Exeter, Devon UK • Jul 18, 2024 • VOL XII

Exeter, Devon UK • [date-today] • VOL XII
Home FeaturesCOVID-19 OK, Karen – How memes have helped us through the pandemic

OK, Karen – How memes have helped us through the pandemic

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OK, Karen – How memes have helped us through the pandemic

Clemence Smith looks at how we have turned to memes while stuck in a pandemic – and how they are helping us express frustration.

Living through the pandemic is difficult at the best of times. Many of us are spending unprecedented amounts of time away from our friends and family which can make us feel isolated. Others find that they cannot bear being cooped up with their family members, and latch on to their daily walks to restore a sense of control in their lives. Either way, all of us seek ways to distract ourselves from the pandemic’s chaos. 

The internet has become the crux of quarantine life, enabling us to access our education, to communicate and to entertain ourselves. It is only inevitable, then, that young people turn to social media, or more specifically memes, to express their frustrations. Even before the pandemic, memes were used by many to voice their opinions on current events, whether humorously or not. Today, however, memes are more important than ever. They have become a way for us to assess the times we are living in, as well as to make sense of our personal circumstances. Never has the internet community been so united as when we watched the pandemic unfold together. This produced some memorable and outrageously funny memes. 

Reddit has traditionally fostered the most avant-garde memes. Browsing through a meme subreddit is an overwhelming experience for the amateur meme consumer. Memes are difficult for the untrained eye to decipher as they are born out of previous trends. These memes build on each other, sometimes even cross-referencing one another, to form a complex web of content to unpick. One of the most exhilarating things about meme culture is, in my opinion, the pure chaos of it. Some memes will go viral for no apparent reason, and will often be quite incomprehensible, even to the creators themselves.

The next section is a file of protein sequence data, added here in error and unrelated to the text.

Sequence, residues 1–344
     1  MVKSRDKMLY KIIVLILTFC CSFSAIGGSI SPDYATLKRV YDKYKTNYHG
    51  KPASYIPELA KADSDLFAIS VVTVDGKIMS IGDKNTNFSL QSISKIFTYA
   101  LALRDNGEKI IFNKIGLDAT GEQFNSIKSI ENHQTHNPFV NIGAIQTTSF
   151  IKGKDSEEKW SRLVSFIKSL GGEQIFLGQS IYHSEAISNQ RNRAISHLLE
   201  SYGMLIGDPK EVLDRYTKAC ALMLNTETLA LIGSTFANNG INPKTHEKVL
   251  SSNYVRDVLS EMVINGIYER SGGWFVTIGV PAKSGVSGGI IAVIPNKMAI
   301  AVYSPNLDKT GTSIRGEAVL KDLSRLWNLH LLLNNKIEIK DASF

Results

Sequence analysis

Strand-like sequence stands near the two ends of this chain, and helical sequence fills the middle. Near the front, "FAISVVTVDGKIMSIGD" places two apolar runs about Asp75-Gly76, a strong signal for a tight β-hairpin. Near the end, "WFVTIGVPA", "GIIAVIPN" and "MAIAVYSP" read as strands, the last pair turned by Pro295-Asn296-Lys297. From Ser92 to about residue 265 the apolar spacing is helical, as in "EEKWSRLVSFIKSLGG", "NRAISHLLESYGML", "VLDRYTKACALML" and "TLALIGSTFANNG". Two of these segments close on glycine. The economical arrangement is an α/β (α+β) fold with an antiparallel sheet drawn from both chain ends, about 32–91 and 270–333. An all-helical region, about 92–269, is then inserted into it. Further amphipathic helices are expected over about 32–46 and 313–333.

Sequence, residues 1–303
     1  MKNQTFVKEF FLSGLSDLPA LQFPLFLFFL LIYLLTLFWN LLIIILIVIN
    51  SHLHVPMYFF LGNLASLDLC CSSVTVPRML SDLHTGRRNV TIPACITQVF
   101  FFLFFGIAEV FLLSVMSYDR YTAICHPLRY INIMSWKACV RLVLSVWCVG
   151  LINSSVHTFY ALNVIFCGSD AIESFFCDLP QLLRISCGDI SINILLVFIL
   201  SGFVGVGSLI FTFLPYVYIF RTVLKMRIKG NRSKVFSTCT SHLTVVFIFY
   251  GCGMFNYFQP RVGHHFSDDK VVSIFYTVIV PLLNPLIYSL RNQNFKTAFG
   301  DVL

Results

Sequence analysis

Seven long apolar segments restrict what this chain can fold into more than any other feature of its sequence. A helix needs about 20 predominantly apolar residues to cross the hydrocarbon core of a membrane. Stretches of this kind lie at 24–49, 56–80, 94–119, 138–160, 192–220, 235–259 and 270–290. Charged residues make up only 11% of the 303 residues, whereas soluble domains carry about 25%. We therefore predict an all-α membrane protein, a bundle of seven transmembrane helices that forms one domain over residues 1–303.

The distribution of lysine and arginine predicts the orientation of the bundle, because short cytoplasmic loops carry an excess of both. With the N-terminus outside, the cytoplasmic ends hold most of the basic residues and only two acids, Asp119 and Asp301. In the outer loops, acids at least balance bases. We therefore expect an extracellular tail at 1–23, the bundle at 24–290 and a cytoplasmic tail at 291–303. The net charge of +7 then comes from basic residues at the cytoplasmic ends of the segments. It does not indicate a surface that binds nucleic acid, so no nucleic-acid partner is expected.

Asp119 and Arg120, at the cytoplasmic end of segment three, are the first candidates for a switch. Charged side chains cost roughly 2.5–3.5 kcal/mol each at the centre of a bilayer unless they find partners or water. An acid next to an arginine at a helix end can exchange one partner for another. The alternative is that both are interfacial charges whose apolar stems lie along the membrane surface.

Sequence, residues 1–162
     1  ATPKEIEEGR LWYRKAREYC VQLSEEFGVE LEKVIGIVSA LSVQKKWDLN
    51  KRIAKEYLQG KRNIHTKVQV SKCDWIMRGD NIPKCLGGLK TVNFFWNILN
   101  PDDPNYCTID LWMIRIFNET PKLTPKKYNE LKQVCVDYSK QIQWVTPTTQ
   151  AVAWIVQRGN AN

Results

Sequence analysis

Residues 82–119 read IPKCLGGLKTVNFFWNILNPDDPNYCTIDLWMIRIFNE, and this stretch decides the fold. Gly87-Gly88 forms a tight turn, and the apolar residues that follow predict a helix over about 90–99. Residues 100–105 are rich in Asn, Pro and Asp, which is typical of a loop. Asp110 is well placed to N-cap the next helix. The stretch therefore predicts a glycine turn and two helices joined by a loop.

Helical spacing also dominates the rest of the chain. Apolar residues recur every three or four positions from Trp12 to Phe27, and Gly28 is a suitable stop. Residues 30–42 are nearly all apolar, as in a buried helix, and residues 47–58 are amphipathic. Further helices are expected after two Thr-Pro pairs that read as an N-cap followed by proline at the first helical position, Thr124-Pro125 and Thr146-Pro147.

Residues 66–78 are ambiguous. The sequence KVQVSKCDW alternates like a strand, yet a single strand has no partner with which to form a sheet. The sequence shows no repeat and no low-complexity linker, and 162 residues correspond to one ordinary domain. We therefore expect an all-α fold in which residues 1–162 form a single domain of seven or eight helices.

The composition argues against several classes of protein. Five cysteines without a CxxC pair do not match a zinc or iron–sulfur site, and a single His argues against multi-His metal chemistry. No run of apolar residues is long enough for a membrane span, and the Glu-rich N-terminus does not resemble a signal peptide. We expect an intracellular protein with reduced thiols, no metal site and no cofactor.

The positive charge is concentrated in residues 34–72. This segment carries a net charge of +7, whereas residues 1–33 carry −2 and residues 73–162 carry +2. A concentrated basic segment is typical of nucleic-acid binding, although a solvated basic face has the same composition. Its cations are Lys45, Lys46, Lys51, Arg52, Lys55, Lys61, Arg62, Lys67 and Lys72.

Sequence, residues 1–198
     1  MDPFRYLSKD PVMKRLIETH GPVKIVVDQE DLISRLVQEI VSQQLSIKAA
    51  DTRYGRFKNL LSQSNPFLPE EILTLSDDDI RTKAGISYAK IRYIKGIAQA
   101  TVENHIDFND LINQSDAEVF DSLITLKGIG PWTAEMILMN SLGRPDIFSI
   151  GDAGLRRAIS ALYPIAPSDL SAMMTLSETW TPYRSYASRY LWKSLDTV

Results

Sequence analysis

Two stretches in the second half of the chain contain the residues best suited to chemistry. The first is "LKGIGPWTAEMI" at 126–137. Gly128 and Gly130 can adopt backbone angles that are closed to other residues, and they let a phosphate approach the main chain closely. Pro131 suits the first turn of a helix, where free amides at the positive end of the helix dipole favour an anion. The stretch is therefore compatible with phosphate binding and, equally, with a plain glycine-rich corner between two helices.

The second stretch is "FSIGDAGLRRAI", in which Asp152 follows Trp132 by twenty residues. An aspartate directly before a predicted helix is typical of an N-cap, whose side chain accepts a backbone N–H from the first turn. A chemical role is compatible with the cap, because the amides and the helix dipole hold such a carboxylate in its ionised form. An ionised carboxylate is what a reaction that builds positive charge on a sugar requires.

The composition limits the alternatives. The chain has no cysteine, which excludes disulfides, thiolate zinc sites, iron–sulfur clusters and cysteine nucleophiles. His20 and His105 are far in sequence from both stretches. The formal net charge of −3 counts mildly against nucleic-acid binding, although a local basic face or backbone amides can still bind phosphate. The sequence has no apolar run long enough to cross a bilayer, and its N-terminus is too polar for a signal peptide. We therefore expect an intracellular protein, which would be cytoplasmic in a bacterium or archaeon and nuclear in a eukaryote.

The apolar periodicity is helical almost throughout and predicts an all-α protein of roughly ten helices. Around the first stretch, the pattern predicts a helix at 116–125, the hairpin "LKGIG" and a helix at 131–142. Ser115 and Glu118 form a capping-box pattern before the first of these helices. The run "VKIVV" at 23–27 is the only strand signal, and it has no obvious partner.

Never has the internet community been so united, as we watched the pandemic unfold together.

Despite constantly fluctuating trends, there are often a couple of key topics running through current memes. Covid, unsurprisingly, has been one such theme. As the pandemic changed our lives in March, we all had to accept new ways of living which have now become all too familiar: lockdown. Many people struggled, and still do, to keep track of time. Memes naturally came to reflect this sentiment: the spiderman meme, in which he points to his lookalikes, perfectly encapsulates the blurring of time in lockdown. Lack of routine is easy to fall into, as all days blur into endless streams of idleness and boredom. Many felt, as 2020 progressed, that things couldn’t get any worse – until they did. Many memes, therefore, depict images that represent a gradual descent into chaos. 

The switch to Zoom classes has mostly been distressing. What with technological difficulties and missing “non-Covid” times, the pandemic has created a strong bond between students on the internet. Students are wary of how an online education might affect their career prospects. Covid saw the inauguration of “Zoom universities”, during which students frantically seek to adapt to new ways of learning. Trying to join your Microsoft Teams seminar when relying on jittery wifi can feel like banging your head on a brick wall. 

Not every meme, however, has been pandemic-specific. 2020 saw the rise of the Karen meme. Poking fun at overly aggressive and self-entitled individuals, the Karen meme transcends generations. It amuses children and exasperates their parents, who, more often than not, are part of the targeted demographic. Young people started using the phrase “OK, Karen” as a way of shutting down irritating parents, particularly those most likely to want to talk to the manager. 

TikTok has also changed the way memes are created and consumed. Similarly to Vine, viral TikToks can set a precedent for hundreds of other videos, as some tag lines or themes become insider jokes within certain communities. The Ratatouille musical, although not really a meme per se, took the internet by storm in 2020. TikTok was flooded with the creative input of hundreds of young people, as some took charge of set design and script writing, while others choreographed dances and recorded songs. 

Somewhat inevitably, memes also turned to politics. Many felt rising discontent at the government’s response to the crisis, young people in particular. An advert put out by the government about reforming workers deemed “non-essential” sparked outrage among the internet community. Under the carefree surface of memes lies a potential to rally young people around common causes close to their hearts. Suddenly, our use of the internet doesn’t seem so trivial. 

One could write a whole book on memes and their complexities. While some dismiss them as irrelevant activities of reckless youth, I see memes as a new way of communicating which can help us find solace in the experiences we share with others. As long as social media’s pulse continues to throb, memes are certain to proliferate. What form they will assume tomorrow, however, nobody knows. 

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